Seamark reports weaker 2005 profits

By Doug Watt | February 7, 2006 | Last updated on February 7, 2006
2 min read

Seamark Asset Management earned $11.2 million in 2005, down from $13.2 million the previous year, as the Halifax-based firm stayed true to its traditional stock-picking approach and lost a major institutional client.

“Over the past few years, our investment style has been somewhat out of favour in the marketplace and our assets have suffered,” said company CEO Peter Marshall in a conference call with analysts on Tuesday morning.

Seamark has limited exposure to the energy sector, Marshall said, preferring to focus on buying quality growth companies at attractive prices and holding them for the long-term. And while he insisted that sticking to that discipline will deliver value over the long-term, he conceded the firm must improve its short-term performance to attract and keep institutional clients.

In Q4 of last year, SEI Investments dropped Seamark as manager of a portion of the SEI Canadian Equity Fund and SEI Social Integrity Canadian Equity Fund.

Net assets at the end of 2005 stood at $9.34 billion, but dropped to $9.1 billion by the end of January, reflecting withdrawals of $529 million, partially offset by market appreciation of $302 million during the month.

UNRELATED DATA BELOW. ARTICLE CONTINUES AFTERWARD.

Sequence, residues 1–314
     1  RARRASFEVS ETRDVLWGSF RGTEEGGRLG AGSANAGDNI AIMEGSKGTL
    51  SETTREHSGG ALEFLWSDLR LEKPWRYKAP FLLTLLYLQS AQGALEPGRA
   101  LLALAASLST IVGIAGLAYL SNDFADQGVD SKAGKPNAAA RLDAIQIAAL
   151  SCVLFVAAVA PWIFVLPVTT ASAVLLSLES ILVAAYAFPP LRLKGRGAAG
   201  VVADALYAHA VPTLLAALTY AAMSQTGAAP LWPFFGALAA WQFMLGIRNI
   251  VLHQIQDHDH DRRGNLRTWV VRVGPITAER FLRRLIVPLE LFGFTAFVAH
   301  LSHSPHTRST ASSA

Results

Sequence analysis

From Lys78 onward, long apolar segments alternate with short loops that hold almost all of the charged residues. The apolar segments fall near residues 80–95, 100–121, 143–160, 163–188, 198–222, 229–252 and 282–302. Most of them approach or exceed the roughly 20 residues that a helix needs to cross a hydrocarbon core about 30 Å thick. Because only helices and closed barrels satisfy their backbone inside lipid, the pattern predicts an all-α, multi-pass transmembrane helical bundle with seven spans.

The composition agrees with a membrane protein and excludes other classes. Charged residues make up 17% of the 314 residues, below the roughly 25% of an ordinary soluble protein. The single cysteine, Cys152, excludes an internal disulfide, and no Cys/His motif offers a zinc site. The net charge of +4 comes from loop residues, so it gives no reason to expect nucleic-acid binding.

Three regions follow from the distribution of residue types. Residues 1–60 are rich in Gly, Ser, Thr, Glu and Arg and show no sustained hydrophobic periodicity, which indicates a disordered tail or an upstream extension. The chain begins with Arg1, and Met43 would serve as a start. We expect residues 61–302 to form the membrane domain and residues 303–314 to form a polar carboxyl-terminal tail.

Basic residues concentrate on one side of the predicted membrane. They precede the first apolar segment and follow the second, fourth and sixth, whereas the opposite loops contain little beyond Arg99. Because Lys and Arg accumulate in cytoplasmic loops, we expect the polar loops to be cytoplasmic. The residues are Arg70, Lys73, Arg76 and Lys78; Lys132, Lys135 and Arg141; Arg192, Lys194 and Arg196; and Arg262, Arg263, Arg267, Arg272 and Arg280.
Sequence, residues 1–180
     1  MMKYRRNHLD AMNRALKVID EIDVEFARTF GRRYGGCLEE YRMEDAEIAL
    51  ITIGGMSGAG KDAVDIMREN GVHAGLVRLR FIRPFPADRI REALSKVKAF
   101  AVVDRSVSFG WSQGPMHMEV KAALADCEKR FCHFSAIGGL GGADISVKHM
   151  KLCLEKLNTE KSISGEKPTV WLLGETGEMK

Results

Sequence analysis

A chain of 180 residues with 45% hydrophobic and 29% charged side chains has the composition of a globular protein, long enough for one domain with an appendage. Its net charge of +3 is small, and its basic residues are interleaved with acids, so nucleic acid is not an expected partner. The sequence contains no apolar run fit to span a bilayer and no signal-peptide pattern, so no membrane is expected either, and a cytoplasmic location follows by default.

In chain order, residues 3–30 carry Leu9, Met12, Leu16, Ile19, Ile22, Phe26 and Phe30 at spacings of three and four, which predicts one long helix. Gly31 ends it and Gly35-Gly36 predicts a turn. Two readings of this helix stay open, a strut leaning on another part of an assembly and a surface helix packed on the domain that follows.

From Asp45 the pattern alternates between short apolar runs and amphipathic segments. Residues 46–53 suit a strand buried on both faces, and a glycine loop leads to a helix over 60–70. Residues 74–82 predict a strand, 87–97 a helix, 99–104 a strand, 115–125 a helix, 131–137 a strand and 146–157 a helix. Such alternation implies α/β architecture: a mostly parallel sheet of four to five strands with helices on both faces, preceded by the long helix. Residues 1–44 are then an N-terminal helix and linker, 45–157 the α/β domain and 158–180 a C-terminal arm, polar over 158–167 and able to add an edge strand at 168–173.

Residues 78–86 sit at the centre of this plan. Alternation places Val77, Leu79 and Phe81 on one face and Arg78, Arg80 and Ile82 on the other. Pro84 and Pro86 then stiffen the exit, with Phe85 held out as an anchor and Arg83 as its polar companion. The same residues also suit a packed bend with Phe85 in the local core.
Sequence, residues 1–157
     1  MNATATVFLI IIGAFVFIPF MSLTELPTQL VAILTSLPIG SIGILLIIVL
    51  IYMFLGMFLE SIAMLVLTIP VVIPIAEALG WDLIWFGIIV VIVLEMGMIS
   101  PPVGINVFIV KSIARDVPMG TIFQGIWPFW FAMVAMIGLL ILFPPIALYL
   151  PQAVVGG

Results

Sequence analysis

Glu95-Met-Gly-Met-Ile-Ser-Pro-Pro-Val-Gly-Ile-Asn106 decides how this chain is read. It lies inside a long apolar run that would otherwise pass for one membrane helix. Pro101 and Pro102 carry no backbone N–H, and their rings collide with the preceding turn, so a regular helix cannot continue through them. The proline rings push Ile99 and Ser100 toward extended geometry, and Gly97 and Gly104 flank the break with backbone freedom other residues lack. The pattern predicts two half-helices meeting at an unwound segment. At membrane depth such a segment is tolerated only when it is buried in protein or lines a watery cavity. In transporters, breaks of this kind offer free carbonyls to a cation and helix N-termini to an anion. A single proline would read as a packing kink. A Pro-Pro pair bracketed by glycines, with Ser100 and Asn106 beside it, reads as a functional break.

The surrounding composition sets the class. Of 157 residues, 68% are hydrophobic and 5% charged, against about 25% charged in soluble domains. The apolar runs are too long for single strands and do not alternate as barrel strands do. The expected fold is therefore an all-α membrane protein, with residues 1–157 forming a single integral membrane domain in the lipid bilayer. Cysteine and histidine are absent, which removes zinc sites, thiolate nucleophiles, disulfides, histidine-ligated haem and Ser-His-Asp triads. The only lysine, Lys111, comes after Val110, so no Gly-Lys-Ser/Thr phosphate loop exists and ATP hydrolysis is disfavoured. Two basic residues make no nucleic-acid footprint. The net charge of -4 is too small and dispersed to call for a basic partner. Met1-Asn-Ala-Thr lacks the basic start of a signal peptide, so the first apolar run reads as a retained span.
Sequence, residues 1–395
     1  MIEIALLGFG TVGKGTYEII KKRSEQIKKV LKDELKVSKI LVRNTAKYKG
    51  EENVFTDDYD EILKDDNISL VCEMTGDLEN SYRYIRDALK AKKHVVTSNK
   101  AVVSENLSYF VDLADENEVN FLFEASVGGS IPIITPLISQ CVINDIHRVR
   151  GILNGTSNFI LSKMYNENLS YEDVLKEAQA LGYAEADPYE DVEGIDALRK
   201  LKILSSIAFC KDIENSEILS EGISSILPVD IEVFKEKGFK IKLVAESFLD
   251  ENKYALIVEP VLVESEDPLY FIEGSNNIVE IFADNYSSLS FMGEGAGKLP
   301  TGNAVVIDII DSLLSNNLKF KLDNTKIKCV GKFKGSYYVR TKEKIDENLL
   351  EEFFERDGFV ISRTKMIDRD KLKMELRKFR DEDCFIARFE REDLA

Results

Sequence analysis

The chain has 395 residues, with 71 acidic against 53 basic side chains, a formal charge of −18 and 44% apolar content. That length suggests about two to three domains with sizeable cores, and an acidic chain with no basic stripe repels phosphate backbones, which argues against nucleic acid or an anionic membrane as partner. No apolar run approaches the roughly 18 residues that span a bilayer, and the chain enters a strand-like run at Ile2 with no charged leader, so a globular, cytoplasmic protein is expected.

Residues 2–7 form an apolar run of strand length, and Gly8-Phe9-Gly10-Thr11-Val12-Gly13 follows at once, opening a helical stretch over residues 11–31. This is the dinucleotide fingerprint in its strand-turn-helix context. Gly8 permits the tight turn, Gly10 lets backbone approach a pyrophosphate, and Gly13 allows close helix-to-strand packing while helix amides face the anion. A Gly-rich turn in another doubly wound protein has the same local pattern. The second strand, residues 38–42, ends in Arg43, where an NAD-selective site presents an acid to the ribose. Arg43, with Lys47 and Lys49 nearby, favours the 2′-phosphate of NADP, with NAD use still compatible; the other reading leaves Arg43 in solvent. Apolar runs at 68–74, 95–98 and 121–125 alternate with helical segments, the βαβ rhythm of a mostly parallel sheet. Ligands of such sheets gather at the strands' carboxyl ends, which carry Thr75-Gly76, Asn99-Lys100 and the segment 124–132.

“But what goes around tends to come around in this business and there’s no doubt that lower oil prices, higher interest rates, a recovery in growth stocks and a lower Canadian dollar would do wonders for our performance. We happen to believe those trends will come our way.”

Seamark also manages the Clarington group of funds, and that relationship is now being questioned by some analysts in the wake of Clarington’s recent takeover by Industrial Alliance.

“Seamark’s performance numbers over the past five years have generally been average to well below average,” wrote Morningstar Canada investment funds editor Rudy Luukko in a recent online commentary. “For example, the largest Clarington fund — the $1 billion Clarington Canadian Dividend A, has a one-star Morningstar Rating and is a fourth-quartile performer over one, three and five years.”

Still, Marshall says he’s hoping Seamark can continue to work with Clarington. “We will be meeting with Industrial Alliance at some point but as far as we’re concerned, it’s business as usual.”

As for Marshall himself, he was re-appointed as the firm’s CEO in May last year following the departure of Robert McKim. Marshall was Seamark’s CEO from 1996 to 2003 and the firm had hoped to have a successor in place by the end of 2005. Marshall described the search as active, but slow. “We want to make sure we get it right.”

Filed by Doug Watt,,


Doug Watt